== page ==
As many of the slopes are too steep to cultivate they are put down to permanent pasture. Sheep and cattle graze the grassland and produce a flower rich sward full of interest and beauty.
The area supports a number of SSSIs and is home to green hairstreak, adonis and chalkhill blue butterflies, native crayfish and dippers, as well as all the normal wildlife that you would expect of such a place - it is quite idyllic really. When we visited, Butterfly Conservation were on a field outing on West Yatton Down SSSI, with permission from the landowner.
At the start of our walk the valley bottom supports typical meadow species (MG5b) including yellow rattle and pignut. These merge into more calcareous grassland (CG2/3) characterised by the presence of salad burnet and upright brome.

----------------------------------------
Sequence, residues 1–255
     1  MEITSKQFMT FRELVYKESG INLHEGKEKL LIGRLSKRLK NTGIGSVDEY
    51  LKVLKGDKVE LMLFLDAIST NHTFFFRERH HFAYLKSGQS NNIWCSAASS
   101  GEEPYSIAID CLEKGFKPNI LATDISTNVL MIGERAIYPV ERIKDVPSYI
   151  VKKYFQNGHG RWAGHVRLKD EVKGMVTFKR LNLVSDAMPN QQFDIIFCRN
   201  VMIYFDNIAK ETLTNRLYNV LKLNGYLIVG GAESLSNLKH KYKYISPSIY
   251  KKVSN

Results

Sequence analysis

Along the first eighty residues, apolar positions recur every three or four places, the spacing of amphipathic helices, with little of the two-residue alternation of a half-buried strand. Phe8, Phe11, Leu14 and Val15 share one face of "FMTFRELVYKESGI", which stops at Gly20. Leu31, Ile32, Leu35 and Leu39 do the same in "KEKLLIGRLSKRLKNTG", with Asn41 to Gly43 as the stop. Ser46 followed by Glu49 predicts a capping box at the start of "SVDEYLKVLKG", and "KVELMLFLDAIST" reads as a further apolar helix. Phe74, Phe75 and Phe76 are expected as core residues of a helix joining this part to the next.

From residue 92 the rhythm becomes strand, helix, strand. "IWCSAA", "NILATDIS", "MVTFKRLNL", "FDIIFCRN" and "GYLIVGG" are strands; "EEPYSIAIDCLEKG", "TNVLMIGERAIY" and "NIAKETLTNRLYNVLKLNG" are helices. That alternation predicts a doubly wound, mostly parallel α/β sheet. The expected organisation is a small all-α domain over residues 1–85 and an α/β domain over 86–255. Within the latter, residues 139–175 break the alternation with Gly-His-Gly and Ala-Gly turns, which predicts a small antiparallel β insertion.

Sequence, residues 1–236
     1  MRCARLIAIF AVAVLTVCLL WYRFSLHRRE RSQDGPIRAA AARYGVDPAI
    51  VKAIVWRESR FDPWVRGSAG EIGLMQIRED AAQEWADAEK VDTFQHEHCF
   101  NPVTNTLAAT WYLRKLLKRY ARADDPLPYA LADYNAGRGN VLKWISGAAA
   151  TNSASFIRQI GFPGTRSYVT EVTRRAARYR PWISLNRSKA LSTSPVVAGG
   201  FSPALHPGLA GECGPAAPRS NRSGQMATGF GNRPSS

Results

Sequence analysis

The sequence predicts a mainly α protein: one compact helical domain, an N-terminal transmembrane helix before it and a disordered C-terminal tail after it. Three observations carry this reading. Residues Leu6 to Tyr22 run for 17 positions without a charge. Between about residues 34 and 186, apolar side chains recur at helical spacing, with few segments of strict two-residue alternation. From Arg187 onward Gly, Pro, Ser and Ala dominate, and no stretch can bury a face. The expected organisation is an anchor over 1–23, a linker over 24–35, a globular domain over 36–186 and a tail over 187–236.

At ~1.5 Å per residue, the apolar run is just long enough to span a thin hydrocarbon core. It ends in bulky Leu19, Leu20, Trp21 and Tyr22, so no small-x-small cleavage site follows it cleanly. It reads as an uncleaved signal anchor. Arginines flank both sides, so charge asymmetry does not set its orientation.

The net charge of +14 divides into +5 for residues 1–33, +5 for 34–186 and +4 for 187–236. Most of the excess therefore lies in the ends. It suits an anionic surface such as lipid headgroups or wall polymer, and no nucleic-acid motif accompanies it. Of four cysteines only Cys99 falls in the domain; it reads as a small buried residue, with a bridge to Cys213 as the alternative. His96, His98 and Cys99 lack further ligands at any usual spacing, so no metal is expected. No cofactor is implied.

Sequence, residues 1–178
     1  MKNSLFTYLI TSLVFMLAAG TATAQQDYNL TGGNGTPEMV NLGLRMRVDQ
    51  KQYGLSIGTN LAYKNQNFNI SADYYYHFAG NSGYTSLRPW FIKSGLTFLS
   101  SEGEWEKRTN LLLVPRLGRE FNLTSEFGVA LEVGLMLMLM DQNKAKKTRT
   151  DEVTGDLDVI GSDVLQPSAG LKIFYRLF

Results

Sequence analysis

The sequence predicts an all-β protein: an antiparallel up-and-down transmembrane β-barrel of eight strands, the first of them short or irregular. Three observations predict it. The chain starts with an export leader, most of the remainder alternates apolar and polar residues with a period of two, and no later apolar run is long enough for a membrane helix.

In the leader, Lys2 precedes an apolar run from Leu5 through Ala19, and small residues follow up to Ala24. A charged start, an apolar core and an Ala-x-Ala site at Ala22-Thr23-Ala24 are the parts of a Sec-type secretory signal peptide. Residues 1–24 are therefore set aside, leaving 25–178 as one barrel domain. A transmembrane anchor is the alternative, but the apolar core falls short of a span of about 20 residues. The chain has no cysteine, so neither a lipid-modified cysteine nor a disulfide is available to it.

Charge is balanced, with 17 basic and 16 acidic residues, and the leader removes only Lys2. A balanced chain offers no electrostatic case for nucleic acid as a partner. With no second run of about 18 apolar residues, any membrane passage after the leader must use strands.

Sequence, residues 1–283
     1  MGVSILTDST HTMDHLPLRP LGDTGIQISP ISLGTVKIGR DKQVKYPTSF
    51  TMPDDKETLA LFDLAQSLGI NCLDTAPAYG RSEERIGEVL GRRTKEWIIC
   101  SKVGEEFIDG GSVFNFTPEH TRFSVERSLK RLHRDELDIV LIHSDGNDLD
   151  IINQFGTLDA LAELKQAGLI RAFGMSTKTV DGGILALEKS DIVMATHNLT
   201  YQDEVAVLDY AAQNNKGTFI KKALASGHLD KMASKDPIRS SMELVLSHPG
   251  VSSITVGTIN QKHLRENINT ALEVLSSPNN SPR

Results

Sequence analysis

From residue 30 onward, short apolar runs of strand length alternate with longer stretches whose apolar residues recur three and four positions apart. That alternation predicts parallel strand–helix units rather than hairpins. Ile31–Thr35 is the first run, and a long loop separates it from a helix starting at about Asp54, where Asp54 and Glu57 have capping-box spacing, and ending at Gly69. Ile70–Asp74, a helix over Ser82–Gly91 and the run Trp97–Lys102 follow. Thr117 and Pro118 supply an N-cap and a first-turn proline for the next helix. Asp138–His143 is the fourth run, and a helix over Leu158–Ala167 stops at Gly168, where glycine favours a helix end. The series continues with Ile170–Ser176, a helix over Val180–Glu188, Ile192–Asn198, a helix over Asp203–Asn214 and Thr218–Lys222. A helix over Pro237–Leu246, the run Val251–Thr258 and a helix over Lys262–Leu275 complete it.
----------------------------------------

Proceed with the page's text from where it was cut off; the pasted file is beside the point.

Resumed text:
The slopes are rich with flowers
Mature ancient woodland and hawthorn hedges are interspersed between the grassland. Some coppicing has been carried out and the ground flora of ramsons, dog's mercury and orchids have benefited.
The hawthorns were dripping with their pungently aromatic, white flowers.
Once upon a time the valley had a working mill and this has affected the layout of the water course. These Devon Red cattle were enjoying the cool of the pool below a weir.
I heard the dipper and pointed my camera and clicked the shutter - I caught just one rather blurred image:
The area changes through out the seasons and so another visit will be on the cards very soon.
|Merged image of the hillside|